It’s everywhere. In Aoyama, Daikanyama, on Mercer Street, in Berlin, Antwerp, Festival Walk (Hong Kong), rue de Marseille (Paris)... Jean Touitou and A.P.C. too : 25 boutiques as such, 10 franchise stores, 100 multibrand ones, 250 people. No lack of strategy aiming at foreign currency, just time folding. A stroll through Copenhagen, the discovery of a striking boutique, and a few months later A.P.C. settles on Montergade 5. In Tokyo, things are even more disturbing. There are the thrilled adoring crowds, immediate reaction, a cult which is an insight into things that will happen, and all this is draped in Masamichi Katayama’s wonder wall agency’s playful transparency (they have recently brushed up Colette’s boutique in Paris).
The paradox with going fast, is that you have to take what goes slowly in a given period into account. No mingling, the voluptuous delight of saying no, not yet. This is a bit like the promises of dawn, and this is how one reaches these delicate moments: offering 150 euros cashmere sweaters is to become part of a new century which is radically going all over the place, which is always somewhere else. Values are crumbling, are changing at the speed of sound. When things are going so fast, it is good to hold on to the right guns, stick to your principles and your adolescent value, to think of something else and always be on the move in order not to be caught up. Jean Touitou at A.P.C.’s helm, a pop eyed spacer of sorts, is off and over the hills. More at ease with an eighteen century weaving machine turning out wine red frogs than at a New-York charity diner (his own words). He published twenty C.D’s as in a crazy ball trap (from Cuban music, Jewish Arabic dub with Lili Boniche, to his unconditional backing of Housse de Racket or Metronomy). He talks about Balenciaga, Cristobal Balenciaga, who himself said he was going to put an end to his fashion house, said it would soon be gone. Jean Touitou was cheeky in the same way and said, as if he were David Bowie talking about Ziggy, that A. P.C. would be gone by 2003. In this manner he remained true to his adolescent feelings of exasperation, and he would even be ready to part with rock n’roll if it keeps on as the farce people have made of it, a mockery of its original raunchy slashing appeal.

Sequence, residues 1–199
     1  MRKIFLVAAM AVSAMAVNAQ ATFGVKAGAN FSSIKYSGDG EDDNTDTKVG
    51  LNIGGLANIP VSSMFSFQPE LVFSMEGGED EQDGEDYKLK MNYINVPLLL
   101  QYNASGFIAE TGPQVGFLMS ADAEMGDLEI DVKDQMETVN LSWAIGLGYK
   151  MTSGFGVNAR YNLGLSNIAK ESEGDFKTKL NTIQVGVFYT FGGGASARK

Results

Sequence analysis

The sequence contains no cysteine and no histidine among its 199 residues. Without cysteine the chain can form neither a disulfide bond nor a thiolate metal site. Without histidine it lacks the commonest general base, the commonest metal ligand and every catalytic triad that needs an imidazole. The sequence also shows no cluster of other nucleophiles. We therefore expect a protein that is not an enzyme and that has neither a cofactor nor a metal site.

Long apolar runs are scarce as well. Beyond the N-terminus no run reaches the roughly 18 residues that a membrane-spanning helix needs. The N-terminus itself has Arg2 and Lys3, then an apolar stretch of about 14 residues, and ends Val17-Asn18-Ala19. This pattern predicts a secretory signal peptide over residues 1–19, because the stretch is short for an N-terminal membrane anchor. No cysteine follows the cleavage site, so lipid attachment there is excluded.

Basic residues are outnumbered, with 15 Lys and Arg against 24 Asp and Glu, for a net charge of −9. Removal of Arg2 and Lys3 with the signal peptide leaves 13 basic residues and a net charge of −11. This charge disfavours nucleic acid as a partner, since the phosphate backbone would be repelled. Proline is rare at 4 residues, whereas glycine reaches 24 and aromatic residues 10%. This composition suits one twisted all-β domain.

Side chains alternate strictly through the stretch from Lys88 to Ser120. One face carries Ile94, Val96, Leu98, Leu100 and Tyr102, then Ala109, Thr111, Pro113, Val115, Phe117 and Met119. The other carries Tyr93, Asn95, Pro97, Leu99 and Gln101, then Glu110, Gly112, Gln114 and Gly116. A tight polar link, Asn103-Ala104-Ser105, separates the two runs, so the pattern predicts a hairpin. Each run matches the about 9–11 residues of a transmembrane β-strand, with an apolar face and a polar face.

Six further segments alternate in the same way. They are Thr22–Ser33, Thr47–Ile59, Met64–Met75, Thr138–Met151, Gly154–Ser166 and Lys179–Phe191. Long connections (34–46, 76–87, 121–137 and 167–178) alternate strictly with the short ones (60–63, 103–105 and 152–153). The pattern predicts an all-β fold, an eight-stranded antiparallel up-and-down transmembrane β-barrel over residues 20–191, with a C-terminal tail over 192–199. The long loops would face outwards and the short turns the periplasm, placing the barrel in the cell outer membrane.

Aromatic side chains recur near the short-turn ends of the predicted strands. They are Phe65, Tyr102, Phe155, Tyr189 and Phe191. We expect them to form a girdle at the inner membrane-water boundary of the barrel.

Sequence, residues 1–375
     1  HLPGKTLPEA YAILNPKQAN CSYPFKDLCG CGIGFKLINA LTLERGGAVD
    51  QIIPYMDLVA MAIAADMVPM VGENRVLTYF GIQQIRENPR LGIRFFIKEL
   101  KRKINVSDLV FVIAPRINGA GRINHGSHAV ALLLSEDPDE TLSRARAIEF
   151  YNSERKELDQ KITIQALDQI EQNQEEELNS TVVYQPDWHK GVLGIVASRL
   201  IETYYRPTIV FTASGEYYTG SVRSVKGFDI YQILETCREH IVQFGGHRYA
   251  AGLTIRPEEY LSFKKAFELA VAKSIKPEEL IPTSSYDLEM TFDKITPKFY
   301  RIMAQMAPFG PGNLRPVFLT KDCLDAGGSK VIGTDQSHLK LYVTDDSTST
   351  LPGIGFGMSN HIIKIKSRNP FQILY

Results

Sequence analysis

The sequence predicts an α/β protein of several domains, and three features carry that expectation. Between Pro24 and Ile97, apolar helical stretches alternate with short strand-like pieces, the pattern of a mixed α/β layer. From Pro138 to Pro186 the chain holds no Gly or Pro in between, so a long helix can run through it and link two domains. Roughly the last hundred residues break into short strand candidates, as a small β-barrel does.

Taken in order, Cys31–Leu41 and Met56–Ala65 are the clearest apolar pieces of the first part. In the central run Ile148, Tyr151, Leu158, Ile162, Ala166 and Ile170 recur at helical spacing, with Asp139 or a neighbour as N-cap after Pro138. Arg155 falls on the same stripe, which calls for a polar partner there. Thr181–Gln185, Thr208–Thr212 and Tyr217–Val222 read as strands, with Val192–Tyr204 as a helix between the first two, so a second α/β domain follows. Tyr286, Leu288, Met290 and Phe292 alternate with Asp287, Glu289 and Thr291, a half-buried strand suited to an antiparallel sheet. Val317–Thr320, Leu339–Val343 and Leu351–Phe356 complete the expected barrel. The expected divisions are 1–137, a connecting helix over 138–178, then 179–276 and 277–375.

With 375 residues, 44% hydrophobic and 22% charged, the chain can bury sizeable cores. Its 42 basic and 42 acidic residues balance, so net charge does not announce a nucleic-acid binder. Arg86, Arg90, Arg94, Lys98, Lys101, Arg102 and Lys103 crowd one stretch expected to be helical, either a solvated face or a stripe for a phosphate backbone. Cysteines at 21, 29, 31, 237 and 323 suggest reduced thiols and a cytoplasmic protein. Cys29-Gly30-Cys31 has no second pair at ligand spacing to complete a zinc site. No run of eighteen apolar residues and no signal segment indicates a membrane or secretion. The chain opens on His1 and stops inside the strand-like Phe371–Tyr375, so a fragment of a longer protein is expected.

At the rue Madame head office in Paris, at six P.M, you can often see the accountant and the P.R. woman, gathering into the house recording studio. Jonathan Richman, Sofia Coppola, Marc Jacobs, Bill Laswell, Wes Anderson were there before them, around the Ludwig set of drums, Jean Touitou’s faithful Fender Jazmaster guitar and his Dunlop cry baby pedal. Words which intimidate him so much are not forgotten. As he was recently about to give up taking over his group, he stood for a few minutes in front of the rue Madame shop window, a way of pulling himself together. In the shop window stood proudly a re-issue of a book which is making many people wonder : Tony Duvert’s «Anneau à l’oreille» as well as his «Abécédaire malveillant». This is all part of A.P.C.’s disquieting game of hop scotch (olive oil, guitar pick, perfume, man’s handbag) and a new square has just turned up on this game: a private kindergarten school, rue de Fleurus, designed by Laurent Deroo, with furniture by Alvar Aalto and the help of Jessica Ogden.